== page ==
L’Eroica California: Gaiole comes to Paso Robles
by Ron Miriello
In the heart of Tuscany, in the small town of Gaiole in Chianti, lives a man named Giancarlo Brocci. In 1997, Giancarlo started a small cycling event inspired by the cycling traditions of old Italy. His event took place on the hard-packed dirt roads of Tuscany, on simple mechanical bicycles, the type of riding associated more with the names of gloried classic riders like Coppi, Bartali and Gimondi than with Armstrong, Wiggins and Contador. He called his event L’Eroica and within a few years time, thousands were coming to Gaiole in Chianti for the October tour through the back roads and vineyards, on their steel-framed bikes and woolen jerseys. Giancarlo has struck a vein in the cycling community, offering a look back to the simple values of the sport. Says Brocci, “L’Eroica is a return to the deep roots of cycling, rediscovering the beauty in fatigue, getting back to real needs, like hunger and thirst, which must be satisfied, or being physically tired, as opposed to being stressed.”
L’Eroica California was the first such event in North America (England, Spain and Japan have been added). As an American cyclist of the 1970’s, I was compelled to drive to Paso Robles, CA and in April 2015, to participate in the 62-mile inaugural event. As much as an homage to cycling, the event was an homage also to Italy and all things Italian. Paso Robles has a large Italian community of farmers and winegrowers and if you squint your eyes, the dirt roads of Paso seem just a few kilometers beyond the town of Gaioli in Chianti.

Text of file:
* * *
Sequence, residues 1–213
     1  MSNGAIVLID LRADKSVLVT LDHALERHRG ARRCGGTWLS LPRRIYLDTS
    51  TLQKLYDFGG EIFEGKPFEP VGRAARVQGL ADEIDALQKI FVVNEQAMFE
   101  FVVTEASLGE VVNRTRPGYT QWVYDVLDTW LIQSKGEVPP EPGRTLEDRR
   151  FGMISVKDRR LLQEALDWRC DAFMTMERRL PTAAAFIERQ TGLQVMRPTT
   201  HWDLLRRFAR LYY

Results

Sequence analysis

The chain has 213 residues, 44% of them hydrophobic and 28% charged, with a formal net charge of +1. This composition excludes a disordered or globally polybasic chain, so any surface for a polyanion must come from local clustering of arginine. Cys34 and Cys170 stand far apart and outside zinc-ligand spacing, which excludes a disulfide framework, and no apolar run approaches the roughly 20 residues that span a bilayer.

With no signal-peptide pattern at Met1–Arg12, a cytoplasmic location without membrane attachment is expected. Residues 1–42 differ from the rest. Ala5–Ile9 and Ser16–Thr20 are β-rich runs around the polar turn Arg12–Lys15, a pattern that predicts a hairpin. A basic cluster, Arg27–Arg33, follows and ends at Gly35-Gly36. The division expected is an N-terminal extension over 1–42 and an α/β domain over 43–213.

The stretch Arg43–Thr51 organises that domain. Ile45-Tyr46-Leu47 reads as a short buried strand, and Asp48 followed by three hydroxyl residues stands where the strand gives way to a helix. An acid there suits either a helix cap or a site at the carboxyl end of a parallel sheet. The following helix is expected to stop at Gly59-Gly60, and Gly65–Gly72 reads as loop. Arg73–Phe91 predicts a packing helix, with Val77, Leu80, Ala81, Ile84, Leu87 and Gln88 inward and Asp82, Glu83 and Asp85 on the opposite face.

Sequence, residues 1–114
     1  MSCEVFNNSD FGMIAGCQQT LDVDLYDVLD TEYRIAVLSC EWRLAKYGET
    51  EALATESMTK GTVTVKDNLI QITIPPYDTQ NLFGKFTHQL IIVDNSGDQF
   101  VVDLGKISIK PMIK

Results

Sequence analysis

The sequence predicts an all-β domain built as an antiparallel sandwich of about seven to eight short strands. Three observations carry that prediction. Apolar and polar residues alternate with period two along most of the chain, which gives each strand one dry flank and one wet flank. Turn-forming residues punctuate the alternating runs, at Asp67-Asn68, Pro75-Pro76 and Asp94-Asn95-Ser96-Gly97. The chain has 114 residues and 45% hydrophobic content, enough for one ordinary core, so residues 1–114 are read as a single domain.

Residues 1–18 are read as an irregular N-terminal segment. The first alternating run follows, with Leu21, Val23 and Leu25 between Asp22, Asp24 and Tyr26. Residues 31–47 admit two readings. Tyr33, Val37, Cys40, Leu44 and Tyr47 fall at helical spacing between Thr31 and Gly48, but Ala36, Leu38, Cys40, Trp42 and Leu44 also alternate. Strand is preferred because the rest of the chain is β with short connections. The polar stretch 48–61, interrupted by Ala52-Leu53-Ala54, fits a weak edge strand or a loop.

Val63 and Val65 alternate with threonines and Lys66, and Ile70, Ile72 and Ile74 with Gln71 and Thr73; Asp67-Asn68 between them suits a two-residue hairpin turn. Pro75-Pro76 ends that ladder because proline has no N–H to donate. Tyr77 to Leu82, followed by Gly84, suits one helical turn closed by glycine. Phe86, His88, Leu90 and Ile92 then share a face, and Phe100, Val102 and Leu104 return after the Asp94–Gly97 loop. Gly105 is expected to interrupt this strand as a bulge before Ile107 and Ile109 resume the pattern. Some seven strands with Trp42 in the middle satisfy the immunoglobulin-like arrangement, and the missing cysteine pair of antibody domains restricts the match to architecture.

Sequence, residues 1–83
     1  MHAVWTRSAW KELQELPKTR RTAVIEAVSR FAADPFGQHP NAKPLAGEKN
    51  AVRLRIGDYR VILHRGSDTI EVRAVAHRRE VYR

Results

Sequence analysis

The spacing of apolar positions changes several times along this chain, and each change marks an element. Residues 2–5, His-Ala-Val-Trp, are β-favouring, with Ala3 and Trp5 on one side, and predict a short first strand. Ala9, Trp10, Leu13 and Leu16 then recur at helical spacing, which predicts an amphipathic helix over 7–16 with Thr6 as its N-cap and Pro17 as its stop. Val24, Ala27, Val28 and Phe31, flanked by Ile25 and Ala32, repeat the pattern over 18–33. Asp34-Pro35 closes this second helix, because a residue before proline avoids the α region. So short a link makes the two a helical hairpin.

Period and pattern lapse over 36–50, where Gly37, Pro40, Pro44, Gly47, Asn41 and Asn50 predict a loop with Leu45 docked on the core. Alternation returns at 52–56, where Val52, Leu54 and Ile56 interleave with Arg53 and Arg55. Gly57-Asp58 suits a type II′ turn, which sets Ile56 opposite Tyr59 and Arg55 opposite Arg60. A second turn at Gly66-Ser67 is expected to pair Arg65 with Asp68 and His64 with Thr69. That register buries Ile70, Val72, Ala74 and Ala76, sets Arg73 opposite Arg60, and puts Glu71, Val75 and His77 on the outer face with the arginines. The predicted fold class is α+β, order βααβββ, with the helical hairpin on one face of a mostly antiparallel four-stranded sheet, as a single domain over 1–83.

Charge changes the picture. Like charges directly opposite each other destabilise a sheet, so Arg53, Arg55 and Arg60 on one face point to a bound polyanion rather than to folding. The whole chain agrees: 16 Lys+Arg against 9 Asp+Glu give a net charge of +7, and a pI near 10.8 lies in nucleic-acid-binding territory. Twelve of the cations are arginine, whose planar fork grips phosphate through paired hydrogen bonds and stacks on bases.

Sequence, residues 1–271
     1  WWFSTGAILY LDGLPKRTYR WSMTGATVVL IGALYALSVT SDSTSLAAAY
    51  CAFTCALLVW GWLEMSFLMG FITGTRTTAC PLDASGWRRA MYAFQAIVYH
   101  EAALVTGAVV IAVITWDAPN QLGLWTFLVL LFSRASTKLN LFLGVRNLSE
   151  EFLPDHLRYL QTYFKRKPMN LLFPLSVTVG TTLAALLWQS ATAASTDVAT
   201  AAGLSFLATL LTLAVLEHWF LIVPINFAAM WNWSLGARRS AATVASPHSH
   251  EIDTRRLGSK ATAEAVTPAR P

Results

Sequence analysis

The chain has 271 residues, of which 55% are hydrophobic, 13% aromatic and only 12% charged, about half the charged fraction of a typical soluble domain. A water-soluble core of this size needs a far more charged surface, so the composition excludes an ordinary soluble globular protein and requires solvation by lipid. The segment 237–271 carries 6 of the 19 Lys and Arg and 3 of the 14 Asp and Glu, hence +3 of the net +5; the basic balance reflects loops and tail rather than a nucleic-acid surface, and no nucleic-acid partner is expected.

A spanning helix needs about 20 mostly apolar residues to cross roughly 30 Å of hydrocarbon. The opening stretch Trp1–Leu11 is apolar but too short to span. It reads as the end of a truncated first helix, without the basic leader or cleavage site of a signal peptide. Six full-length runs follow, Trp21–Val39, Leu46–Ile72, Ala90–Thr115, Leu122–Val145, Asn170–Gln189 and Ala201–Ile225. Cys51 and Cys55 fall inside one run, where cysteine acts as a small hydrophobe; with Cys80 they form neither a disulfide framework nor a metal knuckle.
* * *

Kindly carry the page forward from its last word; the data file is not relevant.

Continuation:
After a winery rest stop at mile 51, I began the last leg back into Paso Robles with a group of crisp riders, all on fine Italian equipment – Guerciotti, Gios Torino, Cinelli, and even my Moser. We kept a good pace through the flats of the central coast California countryside, chattering about our bikes and our past. I had found my way into a pod of ex-pro riders, gentlemen who had actually ridden in the Giro d’Italia, the US Pro Championships, and the Olympics. For a few minutes, I was flying through the back roads of California in a peloton of my dreams. My vision of one day riding side by side with the pros, through winding country roads, was happening, only 45 years later. When the climbing started at the first hill, the dream slowly faded out of view and into the distance. But we did ride together and share wine at dinner that evening, as old friends. Giancarlo’s L’Eroica had officially arrived in California and brought with it the simple origins of the sport.